Design is an elusive notion. What it means and how it appears has changed over time. Before the term was coined, many people exhibited the traits, attitudes and skills that are associated to a “designer”. They were curious minds, craftspeople, problem-solvers, collaborators, facilitators of ideas,… Today, with the ever-growing number of disciplines and the cross-pollination of skills, drawing the boundaries of what design is and pinning down what is a designer feels no easier.
By nature design questions, provokes and inspire. It is rooted in the why and not just the how.
“Design is not a profession but an attitude”
— Laszlo Moholy-Nagy
Design is also a catalyst for change. It is shaped by its context: its relation to cultures, to other fields and to major issues of our times. There are almost too many battles to fight, too many issues to embrace. We talk plenty about technological acceleration, ecological disasters, the changing political landscape and the concerns they raise.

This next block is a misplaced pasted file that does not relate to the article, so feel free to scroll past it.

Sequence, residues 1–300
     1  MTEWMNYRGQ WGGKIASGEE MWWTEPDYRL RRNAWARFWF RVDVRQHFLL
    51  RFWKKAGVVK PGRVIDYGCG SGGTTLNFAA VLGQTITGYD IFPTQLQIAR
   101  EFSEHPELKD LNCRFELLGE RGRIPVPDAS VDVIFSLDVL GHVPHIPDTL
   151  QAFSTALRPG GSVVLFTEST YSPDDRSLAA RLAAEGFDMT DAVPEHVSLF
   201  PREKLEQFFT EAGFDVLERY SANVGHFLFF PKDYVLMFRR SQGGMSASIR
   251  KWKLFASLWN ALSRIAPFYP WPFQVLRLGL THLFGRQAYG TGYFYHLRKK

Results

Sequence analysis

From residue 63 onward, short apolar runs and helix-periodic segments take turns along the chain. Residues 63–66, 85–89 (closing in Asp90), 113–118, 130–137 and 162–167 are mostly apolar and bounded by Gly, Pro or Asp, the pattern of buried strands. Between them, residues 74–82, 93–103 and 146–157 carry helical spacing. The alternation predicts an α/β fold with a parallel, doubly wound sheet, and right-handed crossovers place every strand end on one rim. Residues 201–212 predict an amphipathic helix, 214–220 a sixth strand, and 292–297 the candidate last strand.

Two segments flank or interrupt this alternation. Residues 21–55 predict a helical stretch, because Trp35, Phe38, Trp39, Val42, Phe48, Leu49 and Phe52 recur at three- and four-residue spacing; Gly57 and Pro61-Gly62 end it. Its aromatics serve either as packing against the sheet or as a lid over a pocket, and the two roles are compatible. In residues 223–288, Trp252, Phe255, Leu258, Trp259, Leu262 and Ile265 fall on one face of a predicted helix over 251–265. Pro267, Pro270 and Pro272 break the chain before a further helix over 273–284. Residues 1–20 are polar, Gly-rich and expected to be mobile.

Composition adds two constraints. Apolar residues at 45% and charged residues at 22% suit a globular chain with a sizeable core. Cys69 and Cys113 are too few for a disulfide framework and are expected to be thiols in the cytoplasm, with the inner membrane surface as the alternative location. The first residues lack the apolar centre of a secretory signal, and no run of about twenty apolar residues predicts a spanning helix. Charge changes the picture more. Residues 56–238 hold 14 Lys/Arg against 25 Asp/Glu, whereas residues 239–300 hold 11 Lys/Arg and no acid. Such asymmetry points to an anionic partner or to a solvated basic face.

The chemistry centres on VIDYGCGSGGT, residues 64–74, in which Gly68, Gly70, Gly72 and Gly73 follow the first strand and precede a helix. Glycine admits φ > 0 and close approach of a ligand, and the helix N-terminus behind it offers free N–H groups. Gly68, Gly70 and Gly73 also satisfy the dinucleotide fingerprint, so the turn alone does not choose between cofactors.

How will those things change our lives? How are those things changing what we need from design?
There is no such thing as neutral design. Like John Schaar said, “the future is not some place we are going, but one we are creating. The paths are not be found, but made”. So what kind of path are we making ?
Like many others, I believe in design as a channel to change the status quo, not reinforce it.
A [speculative] design conference
A few months ago I flew over to San Francisco to attend the Primer Conference. It brought together people (ok, mainly designers) united by desire to explore how ideas turn into action, and to use design to do so.